COVID pills

The U.S. Food and Drug Administration issued an emergency use authorization (EUA) for two oral pills Pfizer’s Paxlovid and Merck’s Molnupiravir. These pills have been authorized for the treatment of mild-to-moderate coronavirus disease (COVID-19) in adults with positive results of direct SARS-CoV-2 testing, and who are at high risk for progression to severe COVID-19, including hospitalization or death.

Both pills should be started as soon as possible after diagnosis of COVID-19 and within five days of symptom onset.

None of these pills are a substitution for vaccination

Patients will need a positive COVID-19 test to get a prescription.

These pills have NOT been authorized for pre or post-exposure prevention of COVID-19 or for initiation of treatment in those requiring hospitalization due to severe or critical COVID-19.

Here is some information about the two pills.

A) Paxlovid – preferred due to better efficacy, 88% reduction in COVID related hospitalizations compared with placebo

1. Paxlovid is administered as three tablets taken together orally twice daily for five days, for a total of 30 tablets.

2. Paxlovid is not authorized for use for longer than five consecutive days.

3. Paxlovid is authorized for Covid patients age 12 and over

4. Paxlovid is not recommended in patients with severe kidney or severe liver impairment

5. Paxlovid consists of nirmatrelvir, which inhibits a SARS-CoV-2 protein to stop the virus from replicating, and ritonavir, which slows down nirmatrelvir’s breakdown to help it remain in the body for a longer period at higher concentrations

6. Possible side effects of Paxlovid include impaired sense of taste, diarrhea, high blood pressure and muscle aches. 

 

B) Molnupiravir – authorized for treatment in cases where alternative COVID-19 treatment options authorized by the FDA are not accessible or clinically appropriate, 30% reduction in COVID related hospitalizations compared with placebo

1. Molnupiravir is administered as four 200 milligram capsules taken orally every 12 hours for 5 days, for a total of 40 capsules.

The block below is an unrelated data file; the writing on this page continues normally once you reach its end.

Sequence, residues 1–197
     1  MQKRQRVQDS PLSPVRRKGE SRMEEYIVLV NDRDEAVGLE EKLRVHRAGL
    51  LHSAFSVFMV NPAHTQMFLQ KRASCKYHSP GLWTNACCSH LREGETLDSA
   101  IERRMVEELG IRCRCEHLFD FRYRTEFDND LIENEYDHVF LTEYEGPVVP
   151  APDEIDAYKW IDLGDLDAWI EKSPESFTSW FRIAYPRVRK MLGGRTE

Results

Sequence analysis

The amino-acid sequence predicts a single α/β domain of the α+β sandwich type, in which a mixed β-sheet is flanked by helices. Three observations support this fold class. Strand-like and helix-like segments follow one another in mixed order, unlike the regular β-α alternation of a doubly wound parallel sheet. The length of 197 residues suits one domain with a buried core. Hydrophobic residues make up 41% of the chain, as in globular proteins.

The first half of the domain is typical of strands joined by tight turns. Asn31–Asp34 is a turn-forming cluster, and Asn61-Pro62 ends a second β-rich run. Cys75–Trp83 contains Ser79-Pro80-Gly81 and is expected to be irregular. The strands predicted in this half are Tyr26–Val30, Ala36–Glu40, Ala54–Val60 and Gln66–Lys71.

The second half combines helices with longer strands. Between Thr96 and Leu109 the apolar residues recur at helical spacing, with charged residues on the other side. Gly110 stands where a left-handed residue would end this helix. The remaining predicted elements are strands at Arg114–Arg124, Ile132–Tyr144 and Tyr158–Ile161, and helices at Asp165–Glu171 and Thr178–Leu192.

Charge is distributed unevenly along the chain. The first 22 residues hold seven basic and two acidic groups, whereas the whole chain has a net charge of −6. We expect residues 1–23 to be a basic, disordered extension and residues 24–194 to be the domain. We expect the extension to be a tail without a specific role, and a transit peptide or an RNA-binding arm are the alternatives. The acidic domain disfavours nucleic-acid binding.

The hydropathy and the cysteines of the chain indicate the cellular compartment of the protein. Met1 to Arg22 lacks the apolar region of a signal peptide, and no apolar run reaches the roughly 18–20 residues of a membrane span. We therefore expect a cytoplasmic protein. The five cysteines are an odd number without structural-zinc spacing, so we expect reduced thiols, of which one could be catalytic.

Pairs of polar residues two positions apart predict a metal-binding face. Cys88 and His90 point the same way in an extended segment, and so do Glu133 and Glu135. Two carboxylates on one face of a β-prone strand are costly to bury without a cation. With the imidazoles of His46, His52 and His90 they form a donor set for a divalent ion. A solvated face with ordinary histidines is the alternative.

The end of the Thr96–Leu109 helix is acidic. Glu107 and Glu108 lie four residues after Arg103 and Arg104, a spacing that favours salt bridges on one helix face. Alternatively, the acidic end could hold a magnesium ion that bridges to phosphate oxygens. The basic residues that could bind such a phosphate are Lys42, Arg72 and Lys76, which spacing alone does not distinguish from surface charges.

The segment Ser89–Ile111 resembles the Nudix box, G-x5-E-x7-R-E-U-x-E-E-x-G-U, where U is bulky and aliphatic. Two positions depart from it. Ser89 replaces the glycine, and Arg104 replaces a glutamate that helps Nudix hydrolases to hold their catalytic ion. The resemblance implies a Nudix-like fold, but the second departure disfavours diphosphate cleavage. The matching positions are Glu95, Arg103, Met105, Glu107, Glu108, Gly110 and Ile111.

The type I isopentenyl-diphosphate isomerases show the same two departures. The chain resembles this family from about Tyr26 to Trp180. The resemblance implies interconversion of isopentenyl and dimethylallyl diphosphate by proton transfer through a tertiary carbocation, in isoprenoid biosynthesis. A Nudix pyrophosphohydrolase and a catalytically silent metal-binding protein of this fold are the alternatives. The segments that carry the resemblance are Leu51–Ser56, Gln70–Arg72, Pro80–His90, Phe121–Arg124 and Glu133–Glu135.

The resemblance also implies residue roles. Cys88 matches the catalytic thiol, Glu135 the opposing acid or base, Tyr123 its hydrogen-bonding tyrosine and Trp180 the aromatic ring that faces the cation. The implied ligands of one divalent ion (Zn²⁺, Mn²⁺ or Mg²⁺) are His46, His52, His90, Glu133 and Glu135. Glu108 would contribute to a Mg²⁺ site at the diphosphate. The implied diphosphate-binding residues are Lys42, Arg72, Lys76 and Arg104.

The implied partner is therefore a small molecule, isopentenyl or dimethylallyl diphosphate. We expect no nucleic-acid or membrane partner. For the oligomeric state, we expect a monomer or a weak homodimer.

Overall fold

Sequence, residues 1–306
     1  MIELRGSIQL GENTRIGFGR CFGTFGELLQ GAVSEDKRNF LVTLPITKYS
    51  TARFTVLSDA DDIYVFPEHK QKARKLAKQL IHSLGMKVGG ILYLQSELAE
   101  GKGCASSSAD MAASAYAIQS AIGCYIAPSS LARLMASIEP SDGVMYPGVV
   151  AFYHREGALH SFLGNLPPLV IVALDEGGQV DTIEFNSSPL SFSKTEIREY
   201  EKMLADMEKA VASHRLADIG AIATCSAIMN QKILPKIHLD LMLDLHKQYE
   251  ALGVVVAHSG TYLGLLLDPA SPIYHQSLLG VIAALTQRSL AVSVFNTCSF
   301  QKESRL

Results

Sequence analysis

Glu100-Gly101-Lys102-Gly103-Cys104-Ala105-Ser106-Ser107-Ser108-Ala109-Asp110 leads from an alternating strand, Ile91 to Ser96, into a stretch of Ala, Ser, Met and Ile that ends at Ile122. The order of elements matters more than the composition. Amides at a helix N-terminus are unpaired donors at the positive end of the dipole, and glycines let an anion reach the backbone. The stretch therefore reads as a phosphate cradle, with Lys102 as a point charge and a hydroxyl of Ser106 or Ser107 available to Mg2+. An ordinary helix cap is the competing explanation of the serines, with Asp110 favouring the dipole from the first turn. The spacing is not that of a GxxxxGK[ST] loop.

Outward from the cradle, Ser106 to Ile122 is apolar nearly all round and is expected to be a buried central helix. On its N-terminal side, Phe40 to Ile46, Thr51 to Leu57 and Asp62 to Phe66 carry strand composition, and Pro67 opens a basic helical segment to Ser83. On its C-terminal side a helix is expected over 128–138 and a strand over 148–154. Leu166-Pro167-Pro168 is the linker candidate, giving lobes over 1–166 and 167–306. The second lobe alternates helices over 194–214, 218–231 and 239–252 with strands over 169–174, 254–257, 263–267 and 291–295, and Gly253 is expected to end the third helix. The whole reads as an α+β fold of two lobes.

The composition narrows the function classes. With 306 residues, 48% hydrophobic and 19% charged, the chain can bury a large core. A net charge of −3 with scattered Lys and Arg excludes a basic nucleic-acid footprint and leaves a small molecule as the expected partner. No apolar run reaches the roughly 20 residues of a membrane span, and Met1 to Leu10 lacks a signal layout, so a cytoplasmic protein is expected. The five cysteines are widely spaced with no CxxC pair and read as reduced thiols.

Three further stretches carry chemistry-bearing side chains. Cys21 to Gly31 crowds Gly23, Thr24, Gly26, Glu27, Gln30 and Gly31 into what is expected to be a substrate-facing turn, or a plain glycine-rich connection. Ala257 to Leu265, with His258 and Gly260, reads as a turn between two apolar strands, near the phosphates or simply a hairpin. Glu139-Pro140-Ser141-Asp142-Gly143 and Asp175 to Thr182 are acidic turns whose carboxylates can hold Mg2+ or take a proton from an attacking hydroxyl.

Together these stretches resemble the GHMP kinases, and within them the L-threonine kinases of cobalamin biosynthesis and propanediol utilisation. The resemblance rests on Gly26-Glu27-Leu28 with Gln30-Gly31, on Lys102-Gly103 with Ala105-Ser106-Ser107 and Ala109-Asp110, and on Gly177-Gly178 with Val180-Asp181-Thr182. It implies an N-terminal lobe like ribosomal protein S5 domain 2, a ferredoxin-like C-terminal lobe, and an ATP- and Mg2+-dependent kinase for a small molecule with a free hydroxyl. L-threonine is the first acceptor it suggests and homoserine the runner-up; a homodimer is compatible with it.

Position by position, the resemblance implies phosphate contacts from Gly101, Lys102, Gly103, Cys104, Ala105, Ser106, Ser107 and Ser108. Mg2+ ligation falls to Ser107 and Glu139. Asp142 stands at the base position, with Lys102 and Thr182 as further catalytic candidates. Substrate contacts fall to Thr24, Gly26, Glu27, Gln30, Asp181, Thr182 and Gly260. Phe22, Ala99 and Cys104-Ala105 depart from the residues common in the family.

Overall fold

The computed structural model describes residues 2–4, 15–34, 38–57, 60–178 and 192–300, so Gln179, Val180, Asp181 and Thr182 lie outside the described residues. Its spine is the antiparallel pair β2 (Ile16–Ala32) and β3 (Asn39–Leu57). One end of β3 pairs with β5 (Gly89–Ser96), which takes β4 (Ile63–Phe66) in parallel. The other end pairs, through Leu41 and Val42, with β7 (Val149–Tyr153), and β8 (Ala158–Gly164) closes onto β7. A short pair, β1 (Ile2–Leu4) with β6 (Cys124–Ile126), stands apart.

2. Molnupiravir is not authorized for use in patients younger than 18 years of age because it may affect bone and cartilage growth

3. Molnupiravir is not authorized to be used for longer than 5 consecutive days

4. Molnupiravir is not recommended for use during pregnancy. Females of childbearing potential are advised to use a reliable method of birth control correctly and consistently during treatment with molnupiravir and for four days after the final dose. Males of reproductive potential who are sexually active with females of childbearing potential are advised to use a reliable method of birth control correctly and consistently during treatment with molnupiravir and for at least three months after the final dose. 

5.Molnupiravir is a medication that works by introducing errors into the SARS-CoV-2 virus’ genetic code, which prevents the virus from further replicating

6.Possible side effects observed in the trial included diarrhea, nausea and dizziness.

Both pills are expected to be available by early next week. The federal government will allocate the antiviral pills to states, which can then distribute them to local health departments and pharmacies, as was done with Covid vaccines. The government will also distribute the pills directly to community health centers.

 

Sources- https://www.fda.gov/news-events/press-announcements/coronavirus-covid-19-update-fda-authorizes-additional-oral-antiviral-treatment-covid-19-certain

https://www.fda.gov/news-events/press-announcements/coronavirus-covid-19-update-fda-authorizes-first-oral-antiviral-treatment-covid-19

https://www.nytimes.com/2021/12/22/health/pfizer-covid-pill-fda-paxlovid.html

 

Author
Ritu Aggarwal

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